Sir Ketumile Masire’s position in the annals of Botswana’s history books is guaranteed.
He may not exactly be such a saint, but Masire is the closest thing we have to South Africa’s Nelson Mandela.
Desecrating him and going all out to humiliate him as this government seems bent on doing can only backfire.
Against his wishes, whenever the country and ruling party run into trouble as was the case leading up to a split that bequeathed the BMD and also in the ongoing public service strike, Masire’s name is never too far off the line.
Unfortunately for Botswana, he is a statesman respected more abroad than at home, and even less appreciated today by a party he formed fifty years ago.
Today’s government is particularly impatient and overtly wary of him.
His commitment to pluralism goes against the grail.
They look at him as a nuisance that belongs to another era.
To be fair to all involved, Masire’s character has also not helped his cause.
Self-made, strong-willed and assertive, Masire has never had any patience for aristocracy or its worshippers. And today’s Botswana has all the hallmarks of the dark ages of aristocracy.
Not only is he stubborn, he also is irrepressible.
His cross encounters with Bathoen II are legendary.
It was only a matter of time that he would cross paths with the modern day aristocrat turned politician that is our Ian Khama.
It is only natural that the more there is a perception of democracy deficit, the more Masire’s influence grows, in and outside the BDP. In fact, Masire has long ceased to be a BDP property.
In a big way he is the chief custodian of the country’s founding ideals.
Is it any wonder that the enemies of democracy see him as creating another centre of power?
In their minds he is ruling from the grave.
And our current government hates sharing power. In fact, they are afraid of ever having to share or lose power.
Because he is unencumbered by exigencies trapping other BDP members, Sir Ketumile is rightly seen as the only one who can stand up to the excesses of Ian Khama’s presidency.
And so, if Masire does not speak, who else will?
Thus the older he grows and the more dictatorial this government gets, the more influence he will command, including from those who had violently differed with him during his many years as state president.
Another former president, Festus Mogae, is discounted from the hallowed books on account of the direct role he has played in bringing us the trouble into which we find ourselves.
For as long as Ian Khama is at the helm, Mogae will be seen as part of the problem.
It is an intricate tragedy from which Mogae cannot just walk away.
As a nation, we have to constantly remind ourselves that Masire is one of the few remaining remnants of the founding fathers who were key figures at the table that founded the republic.
But of late, for him the omens do not look good.
With many of the founders since dead, he now has the misfortune of being the only one among them to witness that very republic shattered.
His long life has meant that he has had the misfortune of watching with sadness and distaste as generations that came after his took the dream astray.
How painful it must be to carry to his grave the knowledge that the aura of BDP invincibility that he cultivated with his friend, Seretse Khama, has in fact been an illusion.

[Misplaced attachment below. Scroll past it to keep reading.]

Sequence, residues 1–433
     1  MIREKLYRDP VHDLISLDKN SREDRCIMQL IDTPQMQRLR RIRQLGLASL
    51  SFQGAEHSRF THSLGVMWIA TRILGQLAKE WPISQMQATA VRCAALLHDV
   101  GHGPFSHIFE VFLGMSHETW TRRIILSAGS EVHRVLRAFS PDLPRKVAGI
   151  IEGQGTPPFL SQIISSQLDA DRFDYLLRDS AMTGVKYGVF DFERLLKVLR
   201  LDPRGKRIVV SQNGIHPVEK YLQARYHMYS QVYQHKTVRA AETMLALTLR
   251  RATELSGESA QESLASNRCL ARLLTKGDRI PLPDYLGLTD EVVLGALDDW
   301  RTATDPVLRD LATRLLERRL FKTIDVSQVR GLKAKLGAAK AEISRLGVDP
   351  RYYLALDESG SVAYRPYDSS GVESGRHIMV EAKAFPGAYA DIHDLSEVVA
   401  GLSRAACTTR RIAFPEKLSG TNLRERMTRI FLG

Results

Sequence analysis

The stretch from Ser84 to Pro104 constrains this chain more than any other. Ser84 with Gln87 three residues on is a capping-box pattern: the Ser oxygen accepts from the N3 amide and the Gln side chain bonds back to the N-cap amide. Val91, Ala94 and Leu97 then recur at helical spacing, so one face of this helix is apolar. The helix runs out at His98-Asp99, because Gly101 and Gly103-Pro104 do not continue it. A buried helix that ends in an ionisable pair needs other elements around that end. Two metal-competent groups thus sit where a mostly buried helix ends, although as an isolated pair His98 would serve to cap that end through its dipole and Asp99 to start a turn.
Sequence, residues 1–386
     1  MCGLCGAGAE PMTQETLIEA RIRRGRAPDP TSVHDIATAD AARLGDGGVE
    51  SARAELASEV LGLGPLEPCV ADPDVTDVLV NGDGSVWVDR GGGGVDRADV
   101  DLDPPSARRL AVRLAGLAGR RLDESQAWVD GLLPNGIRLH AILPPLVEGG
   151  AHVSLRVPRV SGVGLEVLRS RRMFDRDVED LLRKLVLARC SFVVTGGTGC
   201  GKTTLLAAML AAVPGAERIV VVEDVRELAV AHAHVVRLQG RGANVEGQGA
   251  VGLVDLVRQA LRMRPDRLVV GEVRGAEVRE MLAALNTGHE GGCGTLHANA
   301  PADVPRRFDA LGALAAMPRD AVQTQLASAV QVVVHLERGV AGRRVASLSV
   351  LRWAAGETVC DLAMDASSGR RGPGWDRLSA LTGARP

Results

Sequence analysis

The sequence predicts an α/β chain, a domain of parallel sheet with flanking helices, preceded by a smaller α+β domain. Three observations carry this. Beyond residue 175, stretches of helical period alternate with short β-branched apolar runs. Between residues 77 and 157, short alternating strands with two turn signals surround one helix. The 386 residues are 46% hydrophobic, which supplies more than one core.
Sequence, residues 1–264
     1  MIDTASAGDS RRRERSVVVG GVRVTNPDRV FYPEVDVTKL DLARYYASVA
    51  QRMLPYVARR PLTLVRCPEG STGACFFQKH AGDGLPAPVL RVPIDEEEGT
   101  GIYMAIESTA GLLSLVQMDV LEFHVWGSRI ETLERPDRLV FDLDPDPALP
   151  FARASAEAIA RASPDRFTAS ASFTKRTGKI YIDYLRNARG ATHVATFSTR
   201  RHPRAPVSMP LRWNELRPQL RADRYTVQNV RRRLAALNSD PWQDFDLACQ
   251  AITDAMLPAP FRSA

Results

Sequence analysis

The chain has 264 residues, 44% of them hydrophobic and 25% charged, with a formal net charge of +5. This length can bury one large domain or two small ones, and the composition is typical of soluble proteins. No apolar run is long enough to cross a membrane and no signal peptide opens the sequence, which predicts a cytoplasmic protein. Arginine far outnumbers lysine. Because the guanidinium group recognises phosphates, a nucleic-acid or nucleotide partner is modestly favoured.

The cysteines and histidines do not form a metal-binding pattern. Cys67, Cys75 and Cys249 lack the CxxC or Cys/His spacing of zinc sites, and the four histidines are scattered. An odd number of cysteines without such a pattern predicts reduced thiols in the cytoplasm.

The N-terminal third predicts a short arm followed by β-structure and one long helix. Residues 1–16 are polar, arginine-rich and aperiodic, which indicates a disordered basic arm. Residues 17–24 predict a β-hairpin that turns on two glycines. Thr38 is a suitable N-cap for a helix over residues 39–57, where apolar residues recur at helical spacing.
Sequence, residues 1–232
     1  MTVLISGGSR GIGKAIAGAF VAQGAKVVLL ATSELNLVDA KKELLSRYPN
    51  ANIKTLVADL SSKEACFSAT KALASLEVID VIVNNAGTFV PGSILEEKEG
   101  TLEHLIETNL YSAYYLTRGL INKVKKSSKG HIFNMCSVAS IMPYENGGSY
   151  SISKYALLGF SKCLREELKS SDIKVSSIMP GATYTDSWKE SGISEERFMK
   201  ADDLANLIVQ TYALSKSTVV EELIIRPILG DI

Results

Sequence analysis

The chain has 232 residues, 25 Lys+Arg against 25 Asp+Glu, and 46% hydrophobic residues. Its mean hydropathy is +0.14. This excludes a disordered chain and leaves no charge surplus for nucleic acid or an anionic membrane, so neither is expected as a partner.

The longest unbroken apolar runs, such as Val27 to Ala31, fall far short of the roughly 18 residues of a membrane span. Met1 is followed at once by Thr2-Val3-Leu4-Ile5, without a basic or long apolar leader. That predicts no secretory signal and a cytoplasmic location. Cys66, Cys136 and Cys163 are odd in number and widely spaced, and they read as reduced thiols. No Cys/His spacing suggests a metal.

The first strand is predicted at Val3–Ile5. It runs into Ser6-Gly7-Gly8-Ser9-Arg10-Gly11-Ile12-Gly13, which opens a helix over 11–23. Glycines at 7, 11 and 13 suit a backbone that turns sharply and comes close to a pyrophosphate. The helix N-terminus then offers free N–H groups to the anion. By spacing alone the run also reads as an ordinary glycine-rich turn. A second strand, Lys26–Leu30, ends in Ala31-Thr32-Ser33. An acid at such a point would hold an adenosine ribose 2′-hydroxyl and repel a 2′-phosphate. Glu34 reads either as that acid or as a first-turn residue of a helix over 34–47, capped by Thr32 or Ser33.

It is in times like these that one must surely wish they had long died so that they could not be witnesses to the destruction of the ideals and institutions they painstakingly setup.
My heart goes out to Sir Ketumile Masire.
At a time when everyone is dumbstruck by helplessness and confusion, his world must be compounded, first by deep feelings of loneliness, followed by sorrow and now humiliation, ironically inflicted by direct descendants of a crowd with whom he used to share the best moments of hope and resolve as together during those early years they spent sleepless nights expending their energies to bring to life a project to which as a collective they had dedicated their lives.
Nobody can predict with any measure of certainty what will befall Botswana in the next few days and weeks as a strike action that started as a civil and legal way to demand salary increases now degenerates into a meltdown that threatens to bring down a whole country with it.
Already, there are signs that anarchy and lawlessness are just a few of the curses that await us.
But beating about the bush will take us nowhere.
All blame must be put at the doorstep of the BDP Government for their shoddy response to the strike action.
Not for the first time, Masire’s well meaning intentions to offer a helping hand has been rudely turned down by those who in another era he would have been seen fighting with from the same corner. How fast things change! They now see him as intrusive and aggressively inquisitive.
What bigger irony can there be than having a man’s nightmares come from the heart of a system that he literally founded, nurtured and grown to formally regard as his lifetime achievement?
But his conscience does not allow him to keep quiet.
Such is Masire’s dilemma as he helplessly watches his world shattered at his feet, destroyed by the very political party he created, the BDP.
For him the tragedy must be all the more painful because there is not much time or energy left in him for yet another long and painstaking rebuilding exercise. Pain, regret and a feeling of lost opportunities are all he will take with himself to his grave. These are the messages he will take as he joins Seretse Khama in another world.
Thus yesterday’s world of hope, achievement and contentment has been replaced by impotence, nostalgia and defeat.
What a sad way to sign off after such a long career of selfless service, devotion and patriotism.
But the current BDP leaders may yet pay a heavier price for their arrogance.